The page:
The attractions of working in local government

Mention local government IT and many people think of low pay and sleepy backwaters. So why on earth would any IT professional want to work for a local authority?

Mention local government IT and many people think of low pay and sleepy backwaters. So why on earth would any IT professional want to work for a local authority?

One major factor that attracts people to working in local government is its perceived security in times of both boom and bust. "There is a perception that local government is recession proof," says Adam Stokes, operations manager at The IT Job Board. Even for contractors, local government can offer more stability. "Public sector contracts typically last longer," points out Martin Ewings, head of the Public Services division of recruiter Elan. "The average length of a contract in the public sector is 11 months, as opposed to seven and a half months for the private sector."

Many IT staff assume the downside of that security is that local government IT is moribund: believing it is all about supporting legacy systems and out-of-date software. While such systems still exist, Ewings says many councils have shaken off that stereotype and are working on pioneering developments. That is especially true for those acting as pathfinders and pilots for projects that will eventually be rolled out nationally.

Phil Johnson, a strategic account manager with CBSbutler, which recruits staff across a broad range of technical disciplines, agrees. "Developments have to last ten or 20 years, so they have to be near the cutting edge," he says. "The technology is tried and tested, but there's a lot of commonality in what is being used in the public and private sectors now."

Paul Smith, global managing director for IT services at recruiter Harvey Nash, adds that the public sector is the only place to find "the kind of challenging projects that simply don't exist in the private sector and which look good on your CV, whether or not the project overall went well."

Yet the pace of life is different. "Local government is often not seen as being as driven as the private sector, so you can achieve a work-life balance that's not found in the corporate world," Smith says. "Not everyone wants to work all hours and travel into London in packed trains some people want to see their families and get home at a reasonable time." With local authority employers in every region of the country, working for a council allows you to work closer to where you live, and to live where you want, offering employment where you grew up or near to other members of your extended family.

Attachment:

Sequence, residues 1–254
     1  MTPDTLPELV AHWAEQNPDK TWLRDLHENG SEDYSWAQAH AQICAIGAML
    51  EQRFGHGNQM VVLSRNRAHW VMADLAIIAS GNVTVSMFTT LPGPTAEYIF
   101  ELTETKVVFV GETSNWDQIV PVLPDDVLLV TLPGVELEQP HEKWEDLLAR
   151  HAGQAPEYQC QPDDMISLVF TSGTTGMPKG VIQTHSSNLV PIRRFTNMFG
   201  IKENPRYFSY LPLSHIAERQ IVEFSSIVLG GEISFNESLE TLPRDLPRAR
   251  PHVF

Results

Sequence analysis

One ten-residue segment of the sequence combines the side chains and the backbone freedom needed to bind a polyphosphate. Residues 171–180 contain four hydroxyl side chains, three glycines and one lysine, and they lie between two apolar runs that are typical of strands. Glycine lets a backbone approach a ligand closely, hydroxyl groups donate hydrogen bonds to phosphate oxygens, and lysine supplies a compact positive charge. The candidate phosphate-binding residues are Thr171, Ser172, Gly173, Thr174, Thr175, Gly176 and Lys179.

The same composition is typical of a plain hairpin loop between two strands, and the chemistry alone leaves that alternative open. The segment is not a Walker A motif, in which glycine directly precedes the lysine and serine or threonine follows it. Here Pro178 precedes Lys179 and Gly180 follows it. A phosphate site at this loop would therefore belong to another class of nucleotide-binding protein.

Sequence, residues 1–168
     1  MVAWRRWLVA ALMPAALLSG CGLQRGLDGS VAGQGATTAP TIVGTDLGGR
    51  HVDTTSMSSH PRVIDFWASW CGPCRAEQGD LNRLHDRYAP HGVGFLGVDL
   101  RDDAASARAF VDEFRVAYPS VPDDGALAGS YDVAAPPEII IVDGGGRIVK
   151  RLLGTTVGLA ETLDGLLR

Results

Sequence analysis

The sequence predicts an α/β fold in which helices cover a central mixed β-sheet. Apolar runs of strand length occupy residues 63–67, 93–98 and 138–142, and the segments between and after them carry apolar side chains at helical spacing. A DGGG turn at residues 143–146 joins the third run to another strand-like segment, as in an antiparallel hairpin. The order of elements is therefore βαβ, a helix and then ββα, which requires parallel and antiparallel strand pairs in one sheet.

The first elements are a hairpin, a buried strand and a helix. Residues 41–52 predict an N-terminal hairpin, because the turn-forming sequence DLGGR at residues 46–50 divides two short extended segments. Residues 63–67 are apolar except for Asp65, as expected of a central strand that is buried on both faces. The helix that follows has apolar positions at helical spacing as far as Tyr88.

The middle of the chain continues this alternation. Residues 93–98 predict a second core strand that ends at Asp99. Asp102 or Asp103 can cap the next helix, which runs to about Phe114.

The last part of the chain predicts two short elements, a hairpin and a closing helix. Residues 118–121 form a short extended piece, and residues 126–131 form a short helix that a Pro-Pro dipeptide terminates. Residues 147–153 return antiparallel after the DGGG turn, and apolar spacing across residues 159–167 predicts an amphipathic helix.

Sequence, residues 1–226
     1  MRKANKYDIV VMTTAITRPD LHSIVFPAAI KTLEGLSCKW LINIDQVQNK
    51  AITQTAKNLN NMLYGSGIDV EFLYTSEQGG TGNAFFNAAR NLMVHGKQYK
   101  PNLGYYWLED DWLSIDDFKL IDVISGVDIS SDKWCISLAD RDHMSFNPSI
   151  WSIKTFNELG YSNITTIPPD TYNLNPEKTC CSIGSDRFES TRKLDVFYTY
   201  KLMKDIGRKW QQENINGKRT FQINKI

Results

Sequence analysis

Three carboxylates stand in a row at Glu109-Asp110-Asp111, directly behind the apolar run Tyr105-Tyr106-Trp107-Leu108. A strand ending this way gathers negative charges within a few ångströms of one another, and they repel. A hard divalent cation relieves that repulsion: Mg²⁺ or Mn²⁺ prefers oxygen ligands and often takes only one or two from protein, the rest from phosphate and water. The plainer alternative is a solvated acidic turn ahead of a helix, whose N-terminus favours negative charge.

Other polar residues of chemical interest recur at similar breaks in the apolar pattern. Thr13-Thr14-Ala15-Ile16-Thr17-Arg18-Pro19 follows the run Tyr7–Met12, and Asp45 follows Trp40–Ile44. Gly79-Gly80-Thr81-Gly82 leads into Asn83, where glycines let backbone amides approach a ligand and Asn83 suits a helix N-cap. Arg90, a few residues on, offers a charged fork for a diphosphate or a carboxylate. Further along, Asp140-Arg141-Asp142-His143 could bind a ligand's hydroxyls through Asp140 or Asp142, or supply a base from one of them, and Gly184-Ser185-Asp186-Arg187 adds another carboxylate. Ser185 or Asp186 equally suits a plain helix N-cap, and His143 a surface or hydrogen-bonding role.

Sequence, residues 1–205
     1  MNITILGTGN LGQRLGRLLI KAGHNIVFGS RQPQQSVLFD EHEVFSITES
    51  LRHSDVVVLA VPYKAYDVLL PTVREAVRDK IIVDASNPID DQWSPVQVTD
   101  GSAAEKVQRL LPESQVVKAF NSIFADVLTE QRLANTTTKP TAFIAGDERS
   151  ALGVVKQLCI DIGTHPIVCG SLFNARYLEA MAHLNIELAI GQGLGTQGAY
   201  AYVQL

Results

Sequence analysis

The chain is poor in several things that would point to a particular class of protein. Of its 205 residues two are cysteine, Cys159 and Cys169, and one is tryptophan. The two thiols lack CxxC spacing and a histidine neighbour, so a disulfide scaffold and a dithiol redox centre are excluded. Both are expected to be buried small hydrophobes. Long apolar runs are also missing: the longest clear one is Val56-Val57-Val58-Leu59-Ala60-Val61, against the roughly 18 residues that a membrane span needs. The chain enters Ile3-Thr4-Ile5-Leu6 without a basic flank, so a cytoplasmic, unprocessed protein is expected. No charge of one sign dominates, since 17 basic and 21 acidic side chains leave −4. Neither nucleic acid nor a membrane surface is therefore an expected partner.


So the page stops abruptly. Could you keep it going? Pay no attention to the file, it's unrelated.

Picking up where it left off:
Moreover, while headline salaries may be lower, the benefits package is usually very good. Unlike much of the private sector these days, councils still offer final salary pension schemes, and Ewings says that is a significant inducement for many candidates accepting roles in local government. Holiday entitlement is also often more generous than in the private sector, especially with additional days off on Bank Holidays.

Johnson warns, however, that with much of IT in local government contracted out, many staff considered to be working for councils are actually employed by the big outsourcers. In those cases, salaries and benefits are often more in line with those offered by the private sector.

Another attraction is simply the feel-good factor of working in the public sector. While contractors are generally motivated by technology and money, Ewings says people seeking permanent roles often have a "a desire to work in a role that allows them to feel they are contributing something to society. Environmental and social issues come up much more often amongst candidates for permanent positions."

The salary gap in between the private sector and local government is most noticeable in the most junior positions, such as helpdesk staff. "We often see roles advertised at near the minimum wage," Smith says. "But for projects and more senior roles, the public sector is suffering as much as anyone else from skills shortages, and they are having to change their salary levels to attract candidates."

Moreover, because those more junior roles are poorly paid and councils can only attract people with relatively low skills or little experience, they compensate by offering training. "Local government does a lot of the training in the IT industry - training that the private sector isn't prepared to do," Smith says. That makes local government a good place to get a foot in the door for people starting out or looking to make a career switch.

The emphasis on training and gaining experience doesn't just apply to junior staff, however. Ewings and Stokes both think local government employers give IT professionals in all grades more opportunities to develop a broader range of expertise and experience than they would find in the private sector.

"The public sector makes the most of its people by moving them around within the organisation," Ewings says. "There are also many opportunities to link up with colleagues in other councils on projects, especially with the move to shared services. And there is a big focus when local government brings in outside expertise on transferring knowledge to permanent staff."

Stokes confirms, "In large private sector IT departments, people tend to have very clearly defined roles. In the public sector, IT staff may be required to pitch in to many different areas, which can provide greater job satisfaction." That diversity may refer to the breadth of technical expertise council IT staff are expected to acquire, or to the range of business knowledge needed to support numerous council departments, each with its own operational challenges.

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